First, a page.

Thursday, October 20, 2011

Glad to know SOMEONE felt better

2 days ago, as I chit-chatted with a friend before our faculty leaders meeting, he said, "On Sunday I saw Scott picking up your girls from youth group.  They raced to the car, pushing and shoving, competing for the front seat.  Then the one who lost punched the winner."

He laughed heartily.

"Wow, great. . ." I said.

He chuckled, "It just made me feel so good!  We're not the only parents with kids who act like that."

As the father of 4 girls, he should know.  He added, "Of course, now that we only have one kid at home, it's not a problem anymore."

So there's hope.  The hope of empty nest.

Luckily, I feel comfortable enough with this friend that I didn't sink through the floor that he witnessed what regularly happens in our home.  Usually our kids are smart enough to keep their shenanigans out of public view, but apparently church youth group took them over the edge.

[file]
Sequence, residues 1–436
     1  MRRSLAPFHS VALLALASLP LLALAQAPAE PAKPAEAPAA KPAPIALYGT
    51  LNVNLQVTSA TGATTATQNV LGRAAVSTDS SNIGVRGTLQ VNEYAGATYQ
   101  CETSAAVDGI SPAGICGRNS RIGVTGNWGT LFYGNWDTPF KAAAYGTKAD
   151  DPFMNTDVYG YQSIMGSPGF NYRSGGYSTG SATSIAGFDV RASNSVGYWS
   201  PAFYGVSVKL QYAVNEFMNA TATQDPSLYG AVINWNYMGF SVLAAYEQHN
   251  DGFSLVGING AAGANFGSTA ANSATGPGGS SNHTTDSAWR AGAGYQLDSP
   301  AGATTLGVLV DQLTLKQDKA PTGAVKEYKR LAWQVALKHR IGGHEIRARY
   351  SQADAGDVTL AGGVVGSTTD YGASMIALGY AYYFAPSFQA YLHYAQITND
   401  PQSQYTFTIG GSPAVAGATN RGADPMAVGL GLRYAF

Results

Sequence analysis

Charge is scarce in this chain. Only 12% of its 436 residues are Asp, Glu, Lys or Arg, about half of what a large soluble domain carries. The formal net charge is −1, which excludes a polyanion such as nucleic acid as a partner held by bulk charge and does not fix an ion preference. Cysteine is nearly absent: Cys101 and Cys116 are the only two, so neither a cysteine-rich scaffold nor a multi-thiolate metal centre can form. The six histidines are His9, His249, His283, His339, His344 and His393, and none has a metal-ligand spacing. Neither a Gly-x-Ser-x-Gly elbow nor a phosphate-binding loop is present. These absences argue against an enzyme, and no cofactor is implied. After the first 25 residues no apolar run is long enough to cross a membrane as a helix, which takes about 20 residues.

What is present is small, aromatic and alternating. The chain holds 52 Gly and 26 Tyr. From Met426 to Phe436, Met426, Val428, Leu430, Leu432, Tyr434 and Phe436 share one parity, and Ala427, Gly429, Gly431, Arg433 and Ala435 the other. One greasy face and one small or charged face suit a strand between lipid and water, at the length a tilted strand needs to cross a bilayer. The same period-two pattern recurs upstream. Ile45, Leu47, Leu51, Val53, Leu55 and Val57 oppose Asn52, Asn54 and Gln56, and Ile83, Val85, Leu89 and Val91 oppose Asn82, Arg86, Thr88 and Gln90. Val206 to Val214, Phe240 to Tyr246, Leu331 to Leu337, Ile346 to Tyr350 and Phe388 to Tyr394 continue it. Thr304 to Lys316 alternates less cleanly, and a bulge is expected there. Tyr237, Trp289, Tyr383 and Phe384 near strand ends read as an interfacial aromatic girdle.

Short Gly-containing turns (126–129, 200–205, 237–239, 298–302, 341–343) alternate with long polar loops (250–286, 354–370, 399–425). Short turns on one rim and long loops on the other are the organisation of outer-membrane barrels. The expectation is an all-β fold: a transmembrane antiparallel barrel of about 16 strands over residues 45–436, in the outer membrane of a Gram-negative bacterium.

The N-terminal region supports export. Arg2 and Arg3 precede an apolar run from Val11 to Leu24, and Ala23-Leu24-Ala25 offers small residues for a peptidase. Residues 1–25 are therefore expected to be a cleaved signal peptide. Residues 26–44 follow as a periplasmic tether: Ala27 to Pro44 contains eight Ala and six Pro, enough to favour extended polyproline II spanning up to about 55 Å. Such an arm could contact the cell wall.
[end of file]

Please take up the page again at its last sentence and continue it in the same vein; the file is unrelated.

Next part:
But what can I expect?  I fought non-stop with my siblings.  Even when I was in GRADUATE SCHOOL, during a family trip to England I got into a squabble with my 13 year old brother.  I didn't punch him, but I was mean enough to make him cry.  

Yup.  Not proud of it, but that's where my kids get it from.

There's nothing from my past or present that knows how to help my kids stop shrieking, shoving, and slapping one another.  Especially since I can't seem to stop myself from terrible behaviors when I'm mad either.  

But even if it was mortifying that my friend witnessed our version of GirlFight, there was something extremely encouraging knowing that his girls also go at it.  Interacting with them over the years, his girls always look poised, friendly, smart and kind.  They also seem to love each other and enjoy one another’s company.  All 3 of his girls who’ve left home, have written letters saying they (finally) realized they have an awesome family and amazing parents.

That's my hope and prayer.  Unlike the feedback from the kid who said last night, "I hate family dinner more than anything,"  I want to someday receive affirmation from our kids that we did OK, or even more, better than OK.  

If we don't kill each other first.

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